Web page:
clip_image012clip_image013Further down, the geographical terrain and landscape naturally tapers slowly but sharply toward the end, converging and gently sinking into the sea at Dhanushkodi – the country’s tip in this part of the peninsular. This natural phenomenon has a lot of significance and most people revere the thought and hope to attain salvation as a culmination of their prayer, sacrifice and penance in this holy place. With this backdrop, it is proposed to construct a Yoga-cum-Meditation Centre at Rameswaram which any tourist can use to attain solace and discover oneself through the Vedic science of Yoga and meditation. This could also pave the way for the establishment of a   Vedic College   where all students could be imparted with knowledge and inputs on Hindu religion and mythology, the Vedas, Upanishads and the teachings of the Bhagavad Gita. Taking cues from the renowned “Thirupathi Devasthalam”, efforts may be initiated to project this temple with its strong and rich legacy and roots of Hinduism, being a National Pilgrim Centre. For instance, tourists may make advanced booking for Offerings at temples, on-line pooja, thereby reaching temples in the designated time (each temple has specific timings for ‘dharshan’ and special pujas)…  

clip_image015Ramanathaswamy Temple: The legend says that Hunuman was sent by Lord Rama to bring a Lingam to worship at an appointed auspicious hour. As Human’s arrival was delayed, Sita moulded a lingam for Rama’s timely worship. It is the main deity being worshiped as Ramanathaswamy. Disappointed Hunuman was later consoled by Rama by installing the Lingam which was brought by him a little north of Ramanatha, and decreed that the Hunuman’s lingam should have precedence over the Ramanatha in all honours. 

clip_image017clip_image018Agnitheertham: The calm shallow water-spread of the sea, present hardly 100 meters in front of the   temple gopuram  is considered as sacred. A dip in the Agnitheertham is considered to remove the sins of the pilgrims. The other theerthams (holy water tanks) in and around the temple are also important for Pilgrims… 

clip_image020Gandhamathana Parvatham: A hillock situated 3 KMs to the north of the temple is the highest point in the island. There is a two storeyed Mandapam, where Rama’s feet (Padam) is found as an imprint on a chakra. Pilgrims throng in thousands to worship Gandhamathana Parvatham.   Sukreevar Temple  and Theertham are situated on the way to Gandhamadana Parvatham.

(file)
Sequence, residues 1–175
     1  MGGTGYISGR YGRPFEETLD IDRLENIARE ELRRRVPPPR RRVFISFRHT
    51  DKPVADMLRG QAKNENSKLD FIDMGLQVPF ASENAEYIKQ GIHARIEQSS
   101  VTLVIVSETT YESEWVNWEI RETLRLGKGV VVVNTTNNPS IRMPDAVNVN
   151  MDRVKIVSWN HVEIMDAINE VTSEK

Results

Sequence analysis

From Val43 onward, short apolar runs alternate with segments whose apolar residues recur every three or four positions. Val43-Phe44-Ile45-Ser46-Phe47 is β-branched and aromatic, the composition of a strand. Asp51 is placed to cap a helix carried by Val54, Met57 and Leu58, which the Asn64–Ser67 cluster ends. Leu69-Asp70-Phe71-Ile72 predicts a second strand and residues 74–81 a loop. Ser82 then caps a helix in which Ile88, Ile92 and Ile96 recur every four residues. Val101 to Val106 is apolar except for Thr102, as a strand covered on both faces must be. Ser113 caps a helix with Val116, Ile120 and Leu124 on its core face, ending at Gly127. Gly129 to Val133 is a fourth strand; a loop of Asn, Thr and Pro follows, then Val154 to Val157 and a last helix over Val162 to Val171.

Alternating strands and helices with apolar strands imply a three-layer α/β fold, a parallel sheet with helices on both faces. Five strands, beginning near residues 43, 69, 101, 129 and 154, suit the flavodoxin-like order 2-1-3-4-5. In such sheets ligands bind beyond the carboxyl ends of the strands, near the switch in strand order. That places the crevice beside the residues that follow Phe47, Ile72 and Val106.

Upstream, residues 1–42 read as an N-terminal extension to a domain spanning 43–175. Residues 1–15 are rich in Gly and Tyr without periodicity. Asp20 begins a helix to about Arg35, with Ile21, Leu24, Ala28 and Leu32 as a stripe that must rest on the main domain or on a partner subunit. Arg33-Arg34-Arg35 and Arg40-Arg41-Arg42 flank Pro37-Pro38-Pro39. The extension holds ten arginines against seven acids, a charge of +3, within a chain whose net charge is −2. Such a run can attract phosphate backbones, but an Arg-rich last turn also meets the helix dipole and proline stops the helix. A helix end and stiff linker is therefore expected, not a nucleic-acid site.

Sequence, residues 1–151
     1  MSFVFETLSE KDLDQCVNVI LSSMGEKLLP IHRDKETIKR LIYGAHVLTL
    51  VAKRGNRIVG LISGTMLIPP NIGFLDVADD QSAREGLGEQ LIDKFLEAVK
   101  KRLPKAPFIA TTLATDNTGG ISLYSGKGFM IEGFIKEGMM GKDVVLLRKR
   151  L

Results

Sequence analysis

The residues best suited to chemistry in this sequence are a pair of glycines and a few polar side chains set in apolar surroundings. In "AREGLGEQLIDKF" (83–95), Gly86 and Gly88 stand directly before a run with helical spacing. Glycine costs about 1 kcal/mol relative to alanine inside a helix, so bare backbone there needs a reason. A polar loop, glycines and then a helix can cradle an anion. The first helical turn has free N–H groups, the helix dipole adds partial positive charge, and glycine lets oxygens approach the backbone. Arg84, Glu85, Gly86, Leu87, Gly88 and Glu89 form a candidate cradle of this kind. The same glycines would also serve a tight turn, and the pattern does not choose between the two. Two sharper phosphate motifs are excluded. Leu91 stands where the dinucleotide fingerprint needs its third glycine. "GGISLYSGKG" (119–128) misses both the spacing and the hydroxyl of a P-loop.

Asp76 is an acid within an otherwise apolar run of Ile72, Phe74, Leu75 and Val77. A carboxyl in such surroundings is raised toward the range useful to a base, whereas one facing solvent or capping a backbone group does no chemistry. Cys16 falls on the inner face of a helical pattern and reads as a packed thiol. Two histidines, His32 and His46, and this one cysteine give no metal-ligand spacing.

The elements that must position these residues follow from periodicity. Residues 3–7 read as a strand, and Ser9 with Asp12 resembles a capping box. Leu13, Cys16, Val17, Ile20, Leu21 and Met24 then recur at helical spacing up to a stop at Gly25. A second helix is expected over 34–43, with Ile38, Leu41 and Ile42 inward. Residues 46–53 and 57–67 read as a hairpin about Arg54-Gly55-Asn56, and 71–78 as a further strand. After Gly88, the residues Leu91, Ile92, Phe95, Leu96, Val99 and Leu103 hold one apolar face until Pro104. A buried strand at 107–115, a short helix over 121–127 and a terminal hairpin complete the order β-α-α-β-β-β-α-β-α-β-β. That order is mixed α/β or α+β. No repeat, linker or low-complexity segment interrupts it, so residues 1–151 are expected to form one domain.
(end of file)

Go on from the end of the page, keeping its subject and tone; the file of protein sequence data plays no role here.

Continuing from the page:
clip_image022Dhanushkodi: The southernmost tip of the island is called Dhanushkodi. It was completely washed away by a cyclone in 1964. But the   Kothandaramasamy Temple  here remains intact. It is 18 KMs way from Rameswaram can be reached by road. A popular belief is that, it is where Vibishana a brother of Ravana surrendered before Rama. Dhanushkodi has a fine beach, where Sea surfing is possible.

Kurusadai Island : This Island lies to the west of the   Pamban Bridge  between the mainland and the island. It is a Marine Biosphere, a paradise for the Marine Biologists and nature lovers. Marine wealth are abound here which attract many a scholars and researchers to this Island . It is about 4 KMs from Mandapam. One should approach fisheries department for permission to visit this island. Off   Kurusadai Island   one could see plenty of coral-reef, fish. Dolphins and sea-cows (Dugong) are also often witnessed…  

Ramanathapuram: An ancient town, and now the head quarters of the district. It was from here the Sethupathis (Chieftains) ruled this territory. Ramalingavilasam Palace with good painting and Tomb of Thayumana swamigal, are the places worth visiting. A Museum is functioning here.

DEVI PATINAM: A coastal village is also known as Navashabashanam.It is believed that Lord Rama worshipped Navagraha here. The temple near by here, is dedicated to Devi, who is said to have killed the demon Mahishasura at this spot. Hindus perform religious rites for their forefathers here…


SATCHI HANUMAN TEMPLE: This is where Hanuman said to have delivered the good news of sita’s well being to Rama with an evidance choodamanai(Jewel) of Sita. 

FIVE FACED HANUMAN TEMPLE: Hanuman is adorned with senthooram here. The stone said to have used to construct the floating bridge Sethu Bandanam could be seen here…


A place of Puranic importance, Sethu karai (meaning the   Sethu Coast   ) is an important pilgrim centre having religious significance owing to the belief that Lord Ram is said to have constructed a bridge from here over the sea waters to reach   Sri Lanka  . It is a hallowed place for Hindus as they conduct their religious rites in this place and is situated around 68 kilometers from Rameswaram and is near Erwadi Dharga…


Just opposite the Rameswaram Bus Stand, one can catch a quick glimpse of an assortment of underwater creatures in their near natural habitat in the ‘Sea World Aquarium’ – the only one of its kind in the state, and probably in the country too, filled with such varied marine life forms including exotic species such as Octopus, Snake fish, Parrot fish, Sea lizard, Sea squid, Cow fish, Lion fish, Rabbit fish, Fire fish, Butter fish, Clown fish, Crabs, Lobsters, Prawns, Sea Lotus, Beach Tamet, Star Fishes, Sea Horses and Sharks. This is quite an eye-opener for young tourists & kids and lovers of marine life.

clip_image024MANDAPAM & PAMBAN

Lying on the Ramanathapuram –   Rameswaram National Highway  and just 19 kms before Rameswaram lies this sleepy coastal   village of Mandapam   . Prior to the 1914 train service linking the mainland with Rameswaram, boats were the only mode of transport to ship the pilgrims on their journey to Rameswaram. It is possible to take a boat for a cruise through the mangrove marshes to   Kurusadai Island   .

There is a possibility to convert this opportunity into a tourist attraction by providing small mechanized boats from Mandapam for both cruises as well as discovery of the coral reefs in neighbouring islands subject to non-pollution and destabilization of the fragile and precious marine ecosystem of this region.


Rameshwaram – the corridor of faith


Rameswaram (Chennai to Rameswaram 572 km) is a small island in the Gulf of Mannar, is a major pilgrim centre. It is connected to the mainland by road and railway bridges. Rameswaram is a holy place because Sri Rama, on his return from Sri Lanka, offered his thanks to Lord Shiva and performed pooja to wash away his sin in killing the Demon King, Ravana.